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111 - 120 of 140 results for: MATH

MATH 256B: Partial Differential Equations

Continuation of 256A.
Last offered: Winter 2019 | Repeatable for credit

MATH 257A: Symplectic Geometry and Topology

Linear symplectic geometry and linear Hamiltonian systems. Symplectic manifolds and their Lagrangian submanifolds, local properties. Symplectic geometry and mechanics. Contact geometry and contact manifolds. Relations between symplectic and contact manifolds. Hamiltonian systems with symmetries. Momentum map and its properties. May be repeated for credit.nnNOTE: Undergraduates require instructor permission to enroll. Undergraduates interested in taking the course should contact the instructor for permission, providing information about relevant background such as performance in prior coursework, reading, etc.
Terms: Win | Units: 3 | Repeatable 2 times (up to 6 units total)

MATH 257B: Symplectic Geometry and Topology

Continuation of 257A. May be repeated for credit.nnNOTE: Undergraduates require instructor permission to enroll. Undergraduates interested in taking the course should contact the instructor for permission, providing information about relevant background such as performance in prior coursework, reading, etc.
Last offered: Winter 2020 | Repeatable for credit

MATH 257C: Symplectic Geometry and Topology

Continuation of 257B. May be repeated for credit.
Terms: Spr | Units: 3
Instructors: Ionel, E. (PI)

MATH 258: Topics in Geometric Analysis

May be repeated for credit.nnNOTE: Undergraduates require instructor permission to enroll. Undergraduates interested in taking the course should contact the instructor for permission, providing information about relevant background such as performance in prior coursework, reading, etc.
Last offered: Winter 2020 | Repeatable for credit

MATH 262: Applied Fourier Analysis and Elements of Modern Signal Processing (CME 372)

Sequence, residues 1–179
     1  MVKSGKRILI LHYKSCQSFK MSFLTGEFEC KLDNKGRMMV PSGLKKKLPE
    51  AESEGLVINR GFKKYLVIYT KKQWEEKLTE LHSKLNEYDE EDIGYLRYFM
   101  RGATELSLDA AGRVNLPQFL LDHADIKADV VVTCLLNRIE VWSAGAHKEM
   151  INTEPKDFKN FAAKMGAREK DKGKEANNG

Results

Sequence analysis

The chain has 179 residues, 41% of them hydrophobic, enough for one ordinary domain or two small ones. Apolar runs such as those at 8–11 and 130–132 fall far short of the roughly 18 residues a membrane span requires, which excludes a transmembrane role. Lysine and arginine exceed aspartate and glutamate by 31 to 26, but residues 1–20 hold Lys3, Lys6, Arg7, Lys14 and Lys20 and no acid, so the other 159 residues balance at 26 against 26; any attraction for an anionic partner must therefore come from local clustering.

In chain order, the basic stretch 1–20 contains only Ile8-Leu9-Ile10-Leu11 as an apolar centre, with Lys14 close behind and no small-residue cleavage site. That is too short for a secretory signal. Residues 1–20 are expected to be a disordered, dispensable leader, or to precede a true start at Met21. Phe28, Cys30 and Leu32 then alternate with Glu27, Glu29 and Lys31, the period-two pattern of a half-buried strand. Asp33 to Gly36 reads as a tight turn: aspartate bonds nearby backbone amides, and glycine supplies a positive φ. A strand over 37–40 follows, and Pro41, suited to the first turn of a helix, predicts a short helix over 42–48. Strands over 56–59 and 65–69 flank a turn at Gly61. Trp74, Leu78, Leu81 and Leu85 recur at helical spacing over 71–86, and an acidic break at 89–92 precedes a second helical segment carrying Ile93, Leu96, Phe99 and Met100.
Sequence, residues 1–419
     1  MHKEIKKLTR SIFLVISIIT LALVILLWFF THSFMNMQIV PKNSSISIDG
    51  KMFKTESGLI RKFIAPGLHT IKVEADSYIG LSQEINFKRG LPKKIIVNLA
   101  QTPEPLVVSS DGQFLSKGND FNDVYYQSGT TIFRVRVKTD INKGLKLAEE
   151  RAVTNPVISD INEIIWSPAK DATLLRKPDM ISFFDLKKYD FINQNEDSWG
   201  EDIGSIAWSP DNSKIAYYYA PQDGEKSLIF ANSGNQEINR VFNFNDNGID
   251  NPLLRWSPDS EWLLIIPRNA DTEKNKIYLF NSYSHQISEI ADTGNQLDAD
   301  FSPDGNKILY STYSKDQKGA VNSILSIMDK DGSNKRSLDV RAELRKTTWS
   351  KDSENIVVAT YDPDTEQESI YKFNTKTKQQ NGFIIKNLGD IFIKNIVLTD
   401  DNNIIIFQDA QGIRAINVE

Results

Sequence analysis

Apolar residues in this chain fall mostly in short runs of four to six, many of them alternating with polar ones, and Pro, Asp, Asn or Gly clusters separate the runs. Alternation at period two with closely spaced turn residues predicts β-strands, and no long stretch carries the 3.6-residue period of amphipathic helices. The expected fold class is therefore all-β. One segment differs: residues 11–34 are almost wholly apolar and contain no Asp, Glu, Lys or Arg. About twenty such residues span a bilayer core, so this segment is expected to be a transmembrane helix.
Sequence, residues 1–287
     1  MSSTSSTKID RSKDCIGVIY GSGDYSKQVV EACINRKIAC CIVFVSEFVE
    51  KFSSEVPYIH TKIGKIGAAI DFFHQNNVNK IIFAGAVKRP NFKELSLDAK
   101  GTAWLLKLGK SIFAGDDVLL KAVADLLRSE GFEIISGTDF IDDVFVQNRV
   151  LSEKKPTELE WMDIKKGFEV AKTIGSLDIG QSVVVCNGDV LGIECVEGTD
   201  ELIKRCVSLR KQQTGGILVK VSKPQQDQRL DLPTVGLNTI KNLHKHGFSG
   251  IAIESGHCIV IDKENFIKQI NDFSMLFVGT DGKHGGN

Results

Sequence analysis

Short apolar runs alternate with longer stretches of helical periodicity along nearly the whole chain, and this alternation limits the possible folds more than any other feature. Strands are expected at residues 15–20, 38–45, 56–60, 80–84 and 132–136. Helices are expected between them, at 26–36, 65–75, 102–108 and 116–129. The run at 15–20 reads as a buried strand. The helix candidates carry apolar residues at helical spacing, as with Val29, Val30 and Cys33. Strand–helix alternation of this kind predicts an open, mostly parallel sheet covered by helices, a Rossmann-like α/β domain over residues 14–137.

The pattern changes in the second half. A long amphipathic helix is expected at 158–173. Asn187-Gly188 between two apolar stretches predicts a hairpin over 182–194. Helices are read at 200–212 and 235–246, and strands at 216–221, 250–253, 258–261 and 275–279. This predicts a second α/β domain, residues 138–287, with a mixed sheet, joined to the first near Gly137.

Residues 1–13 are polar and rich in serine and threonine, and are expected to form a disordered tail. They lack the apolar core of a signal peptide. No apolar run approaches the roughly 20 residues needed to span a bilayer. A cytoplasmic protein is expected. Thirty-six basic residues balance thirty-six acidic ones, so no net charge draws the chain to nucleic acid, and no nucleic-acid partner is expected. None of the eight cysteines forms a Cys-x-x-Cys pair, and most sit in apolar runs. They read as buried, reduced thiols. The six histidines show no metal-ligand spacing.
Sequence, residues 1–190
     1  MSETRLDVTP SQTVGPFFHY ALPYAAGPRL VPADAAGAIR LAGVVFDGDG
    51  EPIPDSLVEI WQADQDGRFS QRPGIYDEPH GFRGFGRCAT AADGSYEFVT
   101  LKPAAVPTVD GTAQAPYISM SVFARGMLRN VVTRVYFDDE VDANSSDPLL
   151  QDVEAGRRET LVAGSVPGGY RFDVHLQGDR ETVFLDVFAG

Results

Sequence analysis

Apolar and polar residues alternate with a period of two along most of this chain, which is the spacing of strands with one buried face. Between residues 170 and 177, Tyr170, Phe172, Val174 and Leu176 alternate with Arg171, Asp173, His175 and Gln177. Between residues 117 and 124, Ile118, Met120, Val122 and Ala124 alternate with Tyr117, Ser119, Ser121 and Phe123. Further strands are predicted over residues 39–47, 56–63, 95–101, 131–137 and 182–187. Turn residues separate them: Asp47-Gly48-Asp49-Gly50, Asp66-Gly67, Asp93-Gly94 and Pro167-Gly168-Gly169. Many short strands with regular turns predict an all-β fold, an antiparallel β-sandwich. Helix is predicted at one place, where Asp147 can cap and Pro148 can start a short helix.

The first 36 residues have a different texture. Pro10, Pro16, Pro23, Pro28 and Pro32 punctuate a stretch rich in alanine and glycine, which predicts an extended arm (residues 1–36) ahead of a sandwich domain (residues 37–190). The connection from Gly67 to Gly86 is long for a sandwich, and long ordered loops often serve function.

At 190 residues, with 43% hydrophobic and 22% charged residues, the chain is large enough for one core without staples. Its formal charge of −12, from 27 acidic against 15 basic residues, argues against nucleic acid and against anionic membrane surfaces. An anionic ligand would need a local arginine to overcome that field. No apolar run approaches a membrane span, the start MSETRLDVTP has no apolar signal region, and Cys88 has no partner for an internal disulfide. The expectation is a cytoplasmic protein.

Introduction to the mathematics of the Fourier transform and how it arises in a number of imaging problems. Mathematical topics include the Fourier transform, the Plancherel theorem, Fourier series, the Shannon sampling theorem, the discrete Fourier transform, and the spectral representation of stationary stochastic processes. Computational topics include fast Fourier transforms (FFT) and nonuniform FFTs. Applications include Fourier imaging (the theory of diffraction, computed tomography, and magnetic resonance imaging) and the theory of compressive sensing.
Terms: Win | Units: 3
Instructors: Candes, E. (PI)

MATH 263A: Topics in Representation Theory: Affine Lie Algebras and Modular Forms

Kac-Moody Lie algebras are infinite-dimensional Lie algebras whose theory is remarkably similar to finite-dimensional semisimple Lie algebras. Affine Lie algebras are the most important special case.We will develop some of the Kac-Moody theory, such as the Kac-Weyl character formula, before specializing to affine Lie algebras. Ideas from physics give a multiplication called fusion on the irreducible integrable representations of fixed level. Kac and Peterson showed that the characters and related "string functions" of these representations are modular forms, and the transformation properties of these theta functions of fixed level encode important information about the fusion ring. NOTE: Undergraduates require instructor permission to enroll. Undergraduates interested in taking the course should contact the instructor for permission, providing information about relevant background such as performance in prior coursework, reading, etc. May be repeated for credit.
Terms: Aut | Units: 3 | Repeatable for credit
Instructors: Bump, D. (PI)

MATH 263B: Crystal Bases: Representations and Combinatorics

Crystal Bases are combinatorial analogs of representation theorynof Lie groups. We will explore different aspects of thesenanalogies and develop rigorous purely combinatorial foundations.
Last offered: Winter 2016 | Repeatable for credit

MATH 263C: Topics in Representation Theory

Conformal Field Theory is a branch of physics with origins in solvable lattice models and string theory. But the mathematics that it has inspired has many applications in pure mathematics.nWe will give an introduction to this theory with related representation theories of the Virasoro and affine Lie algebras, and vertex operators.nnPrerequisites: we will not assume any particular knowledge from physics, but some knowledge of Lie algebras will be helpful.nnNOTE: Undergraduates require instructor permission to enroll. Undergraduates interested in taking the course should contact the instructor for permission, providing information about relevant background such as performance in prior coursework, reading, etc.nnnMay be repeated for credit.
Last offered: Autumn 2019 | Repeatable for credit

MATH 269: Topics in symplectic geometry

May be repeated for credit.
Last offered: Autumn 2018 | Repeatable for credit
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